“Karaoke Dance Party!” With Dr. Bita Nasseri

Karaoke Dance Party! My family and I love singing and dancing to our favorite music! It can be a great way to relieve stress, bond, and let go. You can have a mini solo party or join with others! Finding time to let loose and lose yourself in music and movement is a great way […]

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Karaoke Dance Party! My family and I love singing and dancing to our favorite music! It can be a great way to relieve stress, bond, and let go. You can have a mini solo party or join with others! Finding time to let loose and lose yourself in music and movement is a great way to boost your mood, energy, and state of mind.

As a part of my series about “5 Lifestyle Tweaks That Will Dramatically Improve One’s Wellbeing”, I had the pleasure of interviewing Dr. Bita Nasseri

Dr. Bita Nasseri is an Anesthesiologist with over 22 years of medical experience. Her training spans across the Mayo Clinic, USC, and UCLA, with cardiac, transplant, airway, and outpatient anesthesia expertise. In addition to consulting for numerous news programs, Dr. Bita has overseen her own successful surgical centers throughout her career. As a proud parent to three children, she has a passion for preventive and holistic care.

Thank you so much for doing this with us! Our readers would love to “get to know you” a bit better. Can you share with us the story about how you first got involved in fitness and wellness?

While my daily routine is packed with responsibilities from being a mom of three and working as a busy anesthesiologist, I always try to find half an hour for myself. In this time, I block out outside noises and stress — I focus on myself, my breathing, and raising my heart rate by performing some form of physical activity. With social distancing regulations in place, my favorite ways to get active are walking outside, on the treadmill, or playing tennis. I find this practice of 30 minutes of physical activity most rejuvenating and most effective in resetting my brain and my body. I can credit my vigorous academic years during medical school in forcing me to become focused and a self-advocate for health and wellness. I wholeheartedly believe that if your body feels energized and well exercised, then your mind will feel much clearer, energized, and relaxed.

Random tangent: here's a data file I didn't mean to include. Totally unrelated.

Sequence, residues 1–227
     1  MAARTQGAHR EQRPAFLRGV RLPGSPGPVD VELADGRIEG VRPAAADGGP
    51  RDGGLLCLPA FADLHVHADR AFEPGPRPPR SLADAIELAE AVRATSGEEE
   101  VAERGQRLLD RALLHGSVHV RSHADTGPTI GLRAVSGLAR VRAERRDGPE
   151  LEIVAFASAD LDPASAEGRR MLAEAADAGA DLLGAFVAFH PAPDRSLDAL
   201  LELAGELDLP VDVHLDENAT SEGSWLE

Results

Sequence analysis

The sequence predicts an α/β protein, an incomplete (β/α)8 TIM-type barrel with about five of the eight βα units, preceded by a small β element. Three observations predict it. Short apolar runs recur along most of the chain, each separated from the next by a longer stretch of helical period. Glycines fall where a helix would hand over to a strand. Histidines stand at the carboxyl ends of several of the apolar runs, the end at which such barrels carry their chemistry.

Can you share the most interesting story that happened to you since you started your career?

In the middle of July in Scottsdale, Arizona — I was seven months pregnant with my first child and about to go to dinner for my second anniversary with my husband, Shawn.

Suddenly, I was paged to asses a patient in the ER who had complaints of chest pain. When I arrived to the ER, the patient was more concerned with my pregnancy! He told me that he was concerned that I could have slept through lectures on pregnancy prevention and women’s health while I was in school and that I could have avoided getting myself pregnant! It turns out he had

just put too much hot chili sauce on his burrito that did not sit well with his digestion. Heart attack averted! While he was happy on Tums and Zantac, I gave him a long lecture on female physicians and empowerment. This experience further ignited my passion to champion inclusivity and equity for women in healthcare.

Can you share a story with us about the most humorous mistake you made when you were first starting? What lesson or take-away did you learn from that?

It was easy to make a preconceived diagnosis based on a summary or synopsis. It was almost a defensive mechanism for my lack of knowledge and experience. With time I learned to be more receptive when listening to patients, and that they gave all of us the clues to their diagnosis.

Can you share with our readers a bit about why you are an authority in the fitness and wellness field? In your opinion, what is your unique contribution to the world of wellness?

I like to self-educate on wellness and health. As much as my background and training as a physician was a good foundation, continuing self-education in both Western approaches and Eastern holistic ways to treat the body and mind guides me in self-care and that of my patients. Having had exposure to Ayurvedic approaches to nutrition and health, which involved balancing heat / sugar, acid and base balance, and nutritional diversity gave me a separate grounding for approaching health. In my nearly 20 years of practicing anesthesiology, I have seen that very much translate into how “clean” a person’s system in terms of what they require to achieve anesthesia. For example, a six-foot five inch 240 pound athlete who eats well, exercises, and limits a lot of alcohol, sugar and inflammatory foods will frequently require much less anesthetic gas and narcotics to achieve anesthesia “sleep.” In contrast, many youth in their early twenties who are “partying hard” at five-foot two and literally half the weight of the athlete will literally require twice as much propofol, anesthetic gas and narcotics. That easily reflects their overall health and nutrition. In the same way, people who come in with a calm sense and comfort system will have a much more smooth “sleep” with anesthesia and awaken calmly and refreshed in comparison with those who come for surgery stressed out and extremely anxious.